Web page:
Tuesday, December 26, 2017

"Myron Johnson's Nutcracker (not so) Suite" by James Sewell Ballet at the Cowles Center

A few weeks ago, the Twin Cities Theater Bloggers were invited to a backstage tour of the Cowles Center, new home of Myron Johnson's 30-year holiday* tradition that is Nutcracker (not so) Suite, and to have a chat with one of the show's stars (and one of my favorite #TCTheater artists) Bradley Greenwald. You can read all about that fun event here, but even more fun - I finally saw the show! I had seen it two years ago, the first year it was performed by James Sewell Ballet, but Myron changes it up every year to keep it fresh, so while I knew what to expect, it was in some ways a whole new show. In all incarnations of the show, Mama Flo is the only one who speaks, and everyone else expresses themselves beautifully through movement. But this year, since Mama is played by Bradley Greenwald, she also sings. This Nutcracker diverges quite a bit from the original, but it's festive and fun and a great way to ring out 2017 with the final four performances this week Wednesday through Saturday.

This Nutcracker takes place on Christmas Eve of 1963 in a swanky Manhattan apartment, where Flo lives with her daughter Marie. The two go out shopping in NYC in preparation for for Mama's fabulous party, to which all of her posh friends are invited. After the guests arrive, Mama trots out Marie to show off her beautiful daughter, but gets a bit jealous when the attention is diverted away from herself. She makes a scene, causing Marie to run away into the mean streets of the city, where she is hit by a car and dreams dreams of her beloved Barbies come to life, and of various other dances that really have nothing to do with The Nutcracker, but are great fun to watch.

What do Fred and Ginger have to do with The Nutcracker?
Who cares! (photo by Dan Norman
This year, Mama Flo's guests include real-life dancers, a few of which even this dance novice could identify, like Fred and GingerBob FosseMartha Graham, and Isadora Duncan with her fatal scarf (whom I learned about from theater, of course, namely Theatre Novi Most's Dancing on the Edge). These characters parade around the party in character, and the drunken party scenes are some of the most fun of the show. In the second act, each dancer gets to show off their style in a series of scenes in Marie's bizarro dream.

Marie and Mama Flo
(Deanna Gooding and Bradley Greenwald,
photo by Dan Norman)
Bradley Greenwald is absolutely hilarious as Mama Flo, very playfully embodying this self-centered yet loving mother. And he does it all in heels! Mama Flo has her big moment at the end of Act I, singing a medley of musical theater songs ("Everything's Coming up Roses" from Gypsy, "I Got Rhythm" from Girl Crazy, and "I'm Still Here" from Follies). When we chatted with Bradley, he talked about the difficulties of singing to a recorded track (as all of the music is), as opposed to live music with a director that can move and breathe with the show. But not only did he managed to keep up with the track, but he imbued every note with character and emotion. Watching him belt out these fabulous songs (as well as Chicago's "All That Jazz" for the Fosse number in the second act), was so much fun that I wish someone would produce a #TCTheater version of Broadway Backwards, in which men sing musical theater songs usually sung by women, and vice versa. I need more of this!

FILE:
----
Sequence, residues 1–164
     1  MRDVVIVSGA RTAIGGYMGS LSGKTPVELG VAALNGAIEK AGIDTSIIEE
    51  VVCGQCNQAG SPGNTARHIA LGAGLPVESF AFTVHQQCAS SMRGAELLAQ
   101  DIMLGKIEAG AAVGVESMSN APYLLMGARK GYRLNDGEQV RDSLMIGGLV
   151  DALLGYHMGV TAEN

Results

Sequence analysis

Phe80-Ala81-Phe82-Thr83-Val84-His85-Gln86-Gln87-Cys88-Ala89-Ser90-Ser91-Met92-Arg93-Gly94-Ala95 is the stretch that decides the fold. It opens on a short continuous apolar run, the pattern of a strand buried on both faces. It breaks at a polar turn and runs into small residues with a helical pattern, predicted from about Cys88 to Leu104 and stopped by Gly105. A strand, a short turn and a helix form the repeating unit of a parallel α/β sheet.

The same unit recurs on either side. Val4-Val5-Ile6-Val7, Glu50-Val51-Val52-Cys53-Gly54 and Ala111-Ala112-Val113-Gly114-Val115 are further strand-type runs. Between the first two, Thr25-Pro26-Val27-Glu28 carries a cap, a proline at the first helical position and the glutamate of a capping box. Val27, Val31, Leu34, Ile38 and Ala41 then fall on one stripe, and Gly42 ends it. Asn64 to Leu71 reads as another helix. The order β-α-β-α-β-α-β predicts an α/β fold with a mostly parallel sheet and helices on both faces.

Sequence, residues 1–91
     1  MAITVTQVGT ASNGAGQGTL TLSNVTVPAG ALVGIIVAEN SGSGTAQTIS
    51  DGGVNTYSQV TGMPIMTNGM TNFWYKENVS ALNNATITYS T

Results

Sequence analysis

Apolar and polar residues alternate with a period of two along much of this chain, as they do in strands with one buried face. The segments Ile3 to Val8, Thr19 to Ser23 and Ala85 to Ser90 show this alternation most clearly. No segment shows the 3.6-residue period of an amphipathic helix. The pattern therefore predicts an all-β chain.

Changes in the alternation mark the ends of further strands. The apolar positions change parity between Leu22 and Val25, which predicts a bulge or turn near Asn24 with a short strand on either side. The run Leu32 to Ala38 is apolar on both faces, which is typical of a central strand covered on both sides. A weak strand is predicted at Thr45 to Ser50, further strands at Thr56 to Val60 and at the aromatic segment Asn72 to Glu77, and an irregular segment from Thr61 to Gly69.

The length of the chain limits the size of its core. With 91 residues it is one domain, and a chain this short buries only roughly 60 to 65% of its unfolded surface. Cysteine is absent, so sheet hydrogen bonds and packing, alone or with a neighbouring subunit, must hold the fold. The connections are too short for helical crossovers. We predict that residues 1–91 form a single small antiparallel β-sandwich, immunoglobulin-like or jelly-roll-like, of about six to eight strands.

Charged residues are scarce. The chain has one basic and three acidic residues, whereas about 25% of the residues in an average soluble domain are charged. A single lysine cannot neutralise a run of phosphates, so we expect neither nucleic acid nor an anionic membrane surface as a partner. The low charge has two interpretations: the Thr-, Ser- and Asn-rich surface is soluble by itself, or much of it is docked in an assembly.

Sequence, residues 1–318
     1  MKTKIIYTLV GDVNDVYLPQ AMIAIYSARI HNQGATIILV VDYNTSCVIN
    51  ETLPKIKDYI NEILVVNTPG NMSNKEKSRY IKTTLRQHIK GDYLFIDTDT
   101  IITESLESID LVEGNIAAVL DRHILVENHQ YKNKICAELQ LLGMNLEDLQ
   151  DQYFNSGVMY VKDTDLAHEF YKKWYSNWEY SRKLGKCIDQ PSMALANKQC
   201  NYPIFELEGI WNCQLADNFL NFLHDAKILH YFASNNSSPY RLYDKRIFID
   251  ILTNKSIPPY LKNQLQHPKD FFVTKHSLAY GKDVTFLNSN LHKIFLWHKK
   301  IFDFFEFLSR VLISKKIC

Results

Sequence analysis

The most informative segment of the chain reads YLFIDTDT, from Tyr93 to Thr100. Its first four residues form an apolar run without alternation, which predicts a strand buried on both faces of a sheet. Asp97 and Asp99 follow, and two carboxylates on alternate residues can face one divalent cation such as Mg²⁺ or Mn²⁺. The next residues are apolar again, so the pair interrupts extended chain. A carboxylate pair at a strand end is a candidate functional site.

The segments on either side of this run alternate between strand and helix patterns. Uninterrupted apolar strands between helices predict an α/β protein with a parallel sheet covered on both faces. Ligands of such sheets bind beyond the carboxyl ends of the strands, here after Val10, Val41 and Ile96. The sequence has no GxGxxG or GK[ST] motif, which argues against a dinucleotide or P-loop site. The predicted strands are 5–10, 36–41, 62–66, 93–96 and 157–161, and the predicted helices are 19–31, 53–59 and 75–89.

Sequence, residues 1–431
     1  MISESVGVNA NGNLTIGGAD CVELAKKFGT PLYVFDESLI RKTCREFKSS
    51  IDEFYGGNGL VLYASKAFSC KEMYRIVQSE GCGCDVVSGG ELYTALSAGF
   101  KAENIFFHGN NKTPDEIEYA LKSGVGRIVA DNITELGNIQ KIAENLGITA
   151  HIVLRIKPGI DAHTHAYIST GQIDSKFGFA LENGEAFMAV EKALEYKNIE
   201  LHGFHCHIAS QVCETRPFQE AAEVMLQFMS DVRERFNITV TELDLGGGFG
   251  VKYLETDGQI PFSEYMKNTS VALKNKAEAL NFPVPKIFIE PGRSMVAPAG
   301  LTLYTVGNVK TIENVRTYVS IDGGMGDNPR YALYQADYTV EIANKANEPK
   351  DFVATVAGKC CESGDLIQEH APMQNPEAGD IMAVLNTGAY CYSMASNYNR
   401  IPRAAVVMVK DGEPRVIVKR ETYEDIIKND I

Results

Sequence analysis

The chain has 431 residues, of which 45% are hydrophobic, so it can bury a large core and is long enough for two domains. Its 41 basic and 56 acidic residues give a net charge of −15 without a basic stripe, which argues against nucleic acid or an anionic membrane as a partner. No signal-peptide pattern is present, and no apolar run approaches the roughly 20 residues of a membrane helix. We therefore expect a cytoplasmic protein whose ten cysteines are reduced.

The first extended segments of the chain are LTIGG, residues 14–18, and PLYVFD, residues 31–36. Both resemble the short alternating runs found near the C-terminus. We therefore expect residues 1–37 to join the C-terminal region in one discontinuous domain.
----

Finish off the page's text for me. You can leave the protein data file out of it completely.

Barbie and Ken (Eve Schulte and Jordan Lefton,
photo by Dan Norman)
The ensemble, comprised of dancers from James Sewell Ballet as well as a few guest dancers, is incredibly talented, absolutely gorgeous dancers every one. Highlights include Deanna Gooding as Marie, with a childlike innocence and grace; Eve Schulte and Jordan Lefton as Barbie and Ken, moving with a consistent stiff robotic motion that's somehow still beautiful, and director/choreographer Myron Johnson, who danced the role of Marie's loving Uncle with much personality. The show includes a wide variety of dancing styles, all beautifully performed by the ensemble and a joy to watch.

Steven Rydberg's scenic design provides a colorful playground for this story, from Mama Flo's very '60s apartment (complete with Andy Warhol-esque portrait), to the revolving door of a NYC store, to the stark background of Marie's dreams. The costumes are pretty dreamy too, all very '60s but also specific to the characters (designed by Stephanie Karr Smith and Andrew Lester).

Myron Johnson's Nutcracker (not so) Suite continues for four more performances at the beautiful Cowles Center in downtown Minneapolis. Whether you're new to the tradition, or have seen it every year, this unique Nutcracker is a delight to behold.

*You can read about all of the holiday shows I've seen here.